• Plush bathrobes for use during your stay.

  • A set of binoculars, useful for whale-watching.

  • A nice toiletry bag that was stocked (rather sparsely, in my case) with mouthwash, shoe shine, a sewing kit and a shower cap. The bag is yours to keep.

  • A beach bag, also yours to keep.

  • Free Wi-Fi, which was reliable all over the property (at least for basic internet browsing).

  • An afternoon snack of warm tortilla chips served with outstanding guacamole and pico de gallo, plus a pair of Corona beers, available from 4 p.m. to 6 p.m. and delivered upon request. (The hotel has a chat feature in the Hilton app that makes this or any other request seamless.) On both of my stays the resort accommodated my request for margaritas rather than beers.

  • A safe to lock your valuables.

Afternoon chips with guac, pico de gallo and margaritas. (Photo by Brad Walters)

An evening turndown service is offered in addition to morning housekeeping, but allow a wide time window for both. When asked at check-in when I’d prefer my turndown I said 8 p.m., but it wasn't done yet when I returned to my room a little before 9. By then, I was ready to fall asleep to the crashing waves and texted the front desk to (nicely) say never mind.

🤓Nerdy Tip

I initially thought I’d have to unplug a lamp by the bed to charge my phone, but upon looking more closely, I found that the night tables have a well-camouflaged set of plugs and USB outlets on the sides adjacent to the bed.

Stand-alone beachfront homes, some of which feature hammocks. (Photo by Brad Walters)

Larger suites and stand-alone villas might include such extras as a fire pit, a larger private pool, beach hammocks, a full kitchen or even a dedicated butler.

Beyond the resort

Cabo San Lucas marina. (Photo by Brad Walters)

If you’re staying longer than a couple days, it’s well worth budgeting some time to get to know the Cape region, preferably by car.

Central Cabo San Lucas (just outside the resort) exudes an overtly touristy party vibe that might not be for everyone. Large cruise ships dock here often, and strolling the pedestrian zone that encircles the marina is a great way to feel like you’re back in the States.

That said, if it’s endless shopping you’re after, check it out — just try to time your visits to avoid those midday cruise crowds. You can walk through the tunnel into town or request a golf cart to take you as far as the outer security gate, from which the marina is a 5-minute walk.

Playa Palmilla, near San Jose del Cabo. (Photo by Brad Walters)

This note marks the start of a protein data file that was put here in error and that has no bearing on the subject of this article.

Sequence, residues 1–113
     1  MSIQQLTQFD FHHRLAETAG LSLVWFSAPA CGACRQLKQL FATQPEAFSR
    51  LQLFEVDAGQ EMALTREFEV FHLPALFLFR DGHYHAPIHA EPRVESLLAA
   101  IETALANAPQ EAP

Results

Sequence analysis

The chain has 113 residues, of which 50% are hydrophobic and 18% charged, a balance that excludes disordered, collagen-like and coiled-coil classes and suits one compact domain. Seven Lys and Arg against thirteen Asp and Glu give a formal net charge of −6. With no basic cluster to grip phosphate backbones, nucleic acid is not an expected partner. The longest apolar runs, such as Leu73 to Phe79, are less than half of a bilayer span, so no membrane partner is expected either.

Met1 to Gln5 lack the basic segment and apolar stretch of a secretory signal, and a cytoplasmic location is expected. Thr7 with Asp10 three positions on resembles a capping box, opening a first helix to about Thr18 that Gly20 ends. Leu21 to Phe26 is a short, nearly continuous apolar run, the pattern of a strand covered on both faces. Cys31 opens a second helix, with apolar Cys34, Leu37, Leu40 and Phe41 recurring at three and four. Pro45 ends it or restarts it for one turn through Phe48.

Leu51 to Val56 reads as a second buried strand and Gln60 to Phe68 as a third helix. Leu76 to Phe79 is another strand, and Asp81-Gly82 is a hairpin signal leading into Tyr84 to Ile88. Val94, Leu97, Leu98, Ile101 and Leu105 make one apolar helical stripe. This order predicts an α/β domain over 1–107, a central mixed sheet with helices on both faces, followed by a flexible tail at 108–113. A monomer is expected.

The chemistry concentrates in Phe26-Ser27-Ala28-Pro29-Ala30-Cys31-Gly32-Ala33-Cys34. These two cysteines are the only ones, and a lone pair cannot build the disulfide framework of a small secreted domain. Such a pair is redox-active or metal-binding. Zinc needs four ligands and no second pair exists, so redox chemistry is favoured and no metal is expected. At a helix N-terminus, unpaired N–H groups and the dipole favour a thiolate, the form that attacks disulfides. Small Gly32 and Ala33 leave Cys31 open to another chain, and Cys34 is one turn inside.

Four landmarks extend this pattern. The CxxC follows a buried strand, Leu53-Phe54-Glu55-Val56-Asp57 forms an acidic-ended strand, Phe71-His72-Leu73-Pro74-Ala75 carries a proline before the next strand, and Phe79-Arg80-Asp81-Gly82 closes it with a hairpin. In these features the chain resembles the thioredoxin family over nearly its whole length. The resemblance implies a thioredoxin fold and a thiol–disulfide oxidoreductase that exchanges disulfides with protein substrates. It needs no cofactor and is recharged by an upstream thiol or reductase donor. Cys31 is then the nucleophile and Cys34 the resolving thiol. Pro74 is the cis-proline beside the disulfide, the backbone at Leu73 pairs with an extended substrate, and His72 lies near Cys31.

San Jose del Cabo, closer to the airport, is San Lucas’ more sedate, artsy counterpart. The strollable streets of its compact central core radiate from Plaza Mijares, a large car-free public square. A pleasant walk (or bike ride, along separated green lanes) southward along the estuary and then westward alongside the beach resorts is a pleasant way to pass a couple of hours.

If you like San Jose, you’ll likely love Todos Santos, an even more charming, artsier outpost about an hour north of San Lucas. Even farther afield, La Paz is known for its pretty colonial downtown. The largely unspoiled East Cape is also worth exploring, but you’ll want a 4x4 to access many of its jewels.

When to go

Cabo San Lucas has a dry, relatively mild season from roughly December through March. The rest of the year is warm to hot, with rains mostly confined to August through October. Hurricanes are a factor to consider; for instance, Hurricane Kay brought heavy rains as it passed just west of Cabo in September 2022.

For me, the sweet spot for visiting Cabo is between mid-November and New Year’s, when the ocean is still warm enough for comfortable swimming (at wave-free beaches) but the air temperature isn’t sweltering and rain chances are minimal.

The bottom line

When this property became bookable with Hilton points it was an instant darling in the world of award travel, and for good reason.

It’s more than just that warm pool of your own, where hours can easily slip away gazing out at the ocean with a pleasant margarita buzz.

It’s also the gracious service that’s there when you need it but never hovers, delivered with a palpable sense of pride that makes it easy to forgive a few relatively minor lapses.

Given that the base rate for many standard-issue Hilton properties these days is 40,000 points per night, it’s easy to wonder how much longer this oasis can be enjoyed for just triple that amount. Soak it up while you can.

This stay was independently reviewed and paid in full by the writer.

(Top photo by Brad Walters)